Love in "Wuthering Heights"
The central theme of Wuthering Heights by Emily Brontë is the relationship between Cathy and Heathcliff. The problem of the bond between Cathy and Heathcliff. The Relationship Between Catherine and Heathcliff - Download as Word Doc . doc /.docx), PDF File .pdf), Text File .txt) or read online. An essay on the. The love-relationship of Heathcliff and Catherine, but not that of the other lovers, has become an archetype; it expresses the passionate longing to be whole.
Love inherently defies definition, but when I see two people that complete each other, that view each other as equals, that stand strong despite what the world may throw their way, how can I define it as anything other than love?
Still, how can such depth of feeling that drives both lovers to the very extremes of their being, both physically and emotionally, be considered love? According to my definition, their passion for each other falls outside the boundaries of healthy, true love and into the boundaries of destructive obsession, as they do not help each other grow, are not in an equal relationship, and are only partly ready to defy any obstacles that stand in their way. Catherine and Heathcliff most definitely fail to make each other better people, or grow in any way.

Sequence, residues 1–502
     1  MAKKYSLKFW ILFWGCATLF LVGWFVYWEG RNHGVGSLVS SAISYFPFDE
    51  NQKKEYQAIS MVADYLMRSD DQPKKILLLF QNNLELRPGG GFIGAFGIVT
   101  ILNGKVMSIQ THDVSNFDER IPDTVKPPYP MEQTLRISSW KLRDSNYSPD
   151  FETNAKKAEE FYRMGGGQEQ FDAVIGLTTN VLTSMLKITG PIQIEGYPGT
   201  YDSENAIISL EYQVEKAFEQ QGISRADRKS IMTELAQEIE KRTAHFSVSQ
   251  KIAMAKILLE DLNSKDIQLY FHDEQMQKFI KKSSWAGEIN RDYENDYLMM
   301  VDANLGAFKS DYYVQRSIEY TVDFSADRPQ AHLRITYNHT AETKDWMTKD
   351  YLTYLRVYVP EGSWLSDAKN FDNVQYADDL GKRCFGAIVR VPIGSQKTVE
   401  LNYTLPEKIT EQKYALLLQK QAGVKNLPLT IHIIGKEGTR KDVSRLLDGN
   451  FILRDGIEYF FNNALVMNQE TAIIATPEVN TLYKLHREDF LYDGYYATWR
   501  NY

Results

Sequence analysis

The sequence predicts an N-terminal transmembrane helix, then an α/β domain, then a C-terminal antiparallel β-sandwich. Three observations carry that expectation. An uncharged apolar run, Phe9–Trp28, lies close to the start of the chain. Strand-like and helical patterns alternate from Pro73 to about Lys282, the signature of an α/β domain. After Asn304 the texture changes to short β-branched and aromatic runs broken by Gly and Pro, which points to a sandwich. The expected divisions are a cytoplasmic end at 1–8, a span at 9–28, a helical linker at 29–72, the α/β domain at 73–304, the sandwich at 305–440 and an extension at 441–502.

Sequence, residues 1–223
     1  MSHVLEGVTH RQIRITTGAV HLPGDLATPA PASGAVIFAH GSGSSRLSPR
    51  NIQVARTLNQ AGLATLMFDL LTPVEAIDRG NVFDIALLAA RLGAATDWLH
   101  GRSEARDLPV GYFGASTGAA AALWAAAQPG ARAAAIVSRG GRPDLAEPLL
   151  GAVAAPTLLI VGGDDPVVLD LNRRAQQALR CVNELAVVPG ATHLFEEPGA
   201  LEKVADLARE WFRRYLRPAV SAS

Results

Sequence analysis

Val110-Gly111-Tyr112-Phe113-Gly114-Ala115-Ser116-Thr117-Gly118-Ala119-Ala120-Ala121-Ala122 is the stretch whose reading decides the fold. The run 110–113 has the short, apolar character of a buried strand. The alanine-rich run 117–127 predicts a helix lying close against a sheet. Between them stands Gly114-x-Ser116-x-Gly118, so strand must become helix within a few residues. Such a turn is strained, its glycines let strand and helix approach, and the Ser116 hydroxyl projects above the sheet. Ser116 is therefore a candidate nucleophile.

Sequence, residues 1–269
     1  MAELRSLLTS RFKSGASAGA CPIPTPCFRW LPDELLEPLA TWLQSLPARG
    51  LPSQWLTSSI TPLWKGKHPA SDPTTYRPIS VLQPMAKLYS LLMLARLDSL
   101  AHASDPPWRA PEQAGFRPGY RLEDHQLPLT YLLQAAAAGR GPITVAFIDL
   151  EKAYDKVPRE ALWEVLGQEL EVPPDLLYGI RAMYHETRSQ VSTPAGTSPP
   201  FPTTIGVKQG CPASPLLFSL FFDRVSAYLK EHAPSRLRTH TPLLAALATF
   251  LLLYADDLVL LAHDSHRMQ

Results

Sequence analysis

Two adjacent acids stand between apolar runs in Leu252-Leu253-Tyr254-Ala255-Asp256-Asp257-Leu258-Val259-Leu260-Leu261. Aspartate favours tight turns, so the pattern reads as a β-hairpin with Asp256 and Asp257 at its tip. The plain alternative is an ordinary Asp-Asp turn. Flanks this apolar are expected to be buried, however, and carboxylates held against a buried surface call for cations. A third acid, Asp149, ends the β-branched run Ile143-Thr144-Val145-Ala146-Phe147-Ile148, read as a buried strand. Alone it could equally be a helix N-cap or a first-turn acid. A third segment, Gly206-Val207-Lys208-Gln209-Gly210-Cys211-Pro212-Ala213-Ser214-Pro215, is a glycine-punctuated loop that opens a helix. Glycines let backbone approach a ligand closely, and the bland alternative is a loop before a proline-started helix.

They are continuously bringing unrest to the house with their mischief, a feat that will only be multiplied in their adulthood. Their last conversation also highlight another vital point: How can this be seen as love, when they continuously physically and emotionally destroy rather than nurture and accept one another? Another indicator of their pseudo-love relationship is the lack of equality.
In his childhood Heathcliff is completed devoted to Catherine, a devotion that Catherine knows surpasses all else.
Heathcliff and Catherine: Love or Obsession? | IB HL Literature
Power should never be the dominant drive in a relationship. Heathcliff also exerts power in their relationship, if only years later when he returns: He did not raise his to her, often; a quick glance now and then sufficed; but if flashed back, each time more confidently, the undisguised delight he drank from hers. Moreover, it is hard to consider Catherine and Heathcliff equals when they continuously refer to themselves as one person; it is impossible to be equal when you are the same.